Dinner parties at our house have evolved. When the children were small, on weekend nights I usually fed them first, on much the same kind of food as my mother fed me, and then the doorbell would ring and friends (minus the shantung and cigarettes) would tuck into mushroom bisque followed by homemade pasta with duck confit and butternut squash. These evenings, for the most part, are over: The children stay up later than we do. Occasionally we ban them from the table so we can talk about them and about other people’s love affairs, but by dessert they have sidled up again.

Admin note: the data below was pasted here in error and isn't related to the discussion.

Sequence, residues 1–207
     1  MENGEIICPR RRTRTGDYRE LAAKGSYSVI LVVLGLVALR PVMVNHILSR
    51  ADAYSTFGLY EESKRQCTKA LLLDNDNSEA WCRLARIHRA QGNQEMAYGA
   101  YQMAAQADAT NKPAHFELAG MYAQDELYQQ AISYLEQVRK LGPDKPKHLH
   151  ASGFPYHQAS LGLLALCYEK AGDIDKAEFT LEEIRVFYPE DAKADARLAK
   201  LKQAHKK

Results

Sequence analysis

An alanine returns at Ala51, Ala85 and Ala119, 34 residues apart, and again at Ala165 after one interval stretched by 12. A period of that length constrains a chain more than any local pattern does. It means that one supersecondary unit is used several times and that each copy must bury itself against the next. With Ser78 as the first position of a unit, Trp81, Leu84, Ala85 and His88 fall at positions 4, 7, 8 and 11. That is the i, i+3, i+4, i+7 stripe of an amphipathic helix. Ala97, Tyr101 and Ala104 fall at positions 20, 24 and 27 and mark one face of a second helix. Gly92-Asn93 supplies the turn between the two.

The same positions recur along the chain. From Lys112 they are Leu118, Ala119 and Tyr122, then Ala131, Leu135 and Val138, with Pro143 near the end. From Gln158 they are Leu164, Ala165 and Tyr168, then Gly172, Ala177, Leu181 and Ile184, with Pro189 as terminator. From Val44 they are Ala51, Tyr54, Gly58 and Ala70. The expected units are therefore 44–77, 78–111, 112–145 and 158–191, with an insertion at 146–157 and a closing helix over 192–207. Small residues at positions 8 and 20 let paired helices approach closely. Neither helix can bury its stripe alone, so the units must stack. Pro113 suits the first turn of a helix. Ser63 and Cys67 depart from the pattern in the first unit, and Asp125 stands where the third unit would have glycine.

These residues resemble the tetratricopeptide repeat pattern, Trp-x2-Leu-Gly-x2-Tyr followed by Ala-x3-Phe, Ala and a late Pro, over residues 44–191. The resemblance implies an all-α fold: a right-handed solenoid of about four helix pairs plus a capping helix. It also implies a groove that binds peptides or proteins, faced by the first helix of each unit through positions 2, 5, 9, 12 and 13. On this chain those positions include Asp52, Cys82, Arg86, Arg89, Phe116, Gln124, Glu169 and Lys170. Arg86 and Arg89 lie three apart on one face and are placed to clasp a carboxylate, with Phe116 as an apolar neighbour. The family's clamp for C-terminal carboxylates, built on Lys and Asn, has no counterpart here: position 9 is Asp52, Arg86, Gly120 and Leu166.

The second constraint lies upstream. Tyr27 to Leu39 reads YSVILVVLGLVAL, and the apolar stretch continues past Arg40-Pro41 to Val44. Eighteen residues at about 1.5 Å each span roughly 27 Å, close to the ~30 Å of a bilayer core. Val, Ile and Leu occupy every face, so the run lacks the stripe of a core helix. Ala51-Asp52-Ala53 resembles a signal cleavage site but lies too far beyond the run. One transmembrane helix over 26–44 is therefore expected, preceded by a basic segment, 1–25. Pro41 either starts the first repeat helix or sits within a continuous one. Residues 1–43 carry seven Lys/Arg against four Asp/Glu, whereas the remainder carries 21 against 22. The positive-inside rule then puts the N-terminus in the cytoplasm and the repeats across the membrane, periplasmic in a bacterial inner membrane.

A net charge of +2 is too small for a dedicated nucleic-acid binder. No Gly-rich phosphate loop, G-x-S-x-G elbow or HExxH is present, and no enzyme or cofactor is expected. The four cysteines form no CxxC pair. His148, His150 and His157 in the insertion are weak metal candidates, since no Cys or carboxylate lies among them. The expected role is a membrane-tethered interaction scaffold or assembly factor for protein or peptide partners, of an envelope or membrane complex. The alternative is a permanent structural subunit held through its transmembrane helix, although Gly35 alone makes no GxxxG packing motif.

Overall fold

I have one friend who cooks exquisite dinners for eight—six and eight courses, with wines to match. But the planets he and I live on share only running water, refrigeration, and gas on tap. Over the years, feeding a crowd, I have cut out appetizers. Thus, pistachio nuts in their shells and sometimes a bowl of caponata, the Italian mix of eggplant, olives, and tomatoes that you can make yourself but is just as good—I think better—out of a jar. Then, one large dish. My favorite is a beef stew from that edition of French Provincial Cooking, now so battered I keep it in a ziplock bag. This is accompanied by rice or pasta (I particularly like buttered orzo) and a huge green salad of mixed lettuces, passed after the main course. Cheese is nice, but we usually do without it. Dessert, however, can never be dispensed with. Our current favorite is a Pavlova: a confection of whipped cream and fruit folded into a baked meringue crust, which is said to have been invented in 1926 to welcome the great Russian ballerina Anna Pavlova to Australia and New Zealand but serves just as well to greet a birthday (candles stuck in here and there), the return of a globe-trotting friend, or a summer evening’s first fireflies.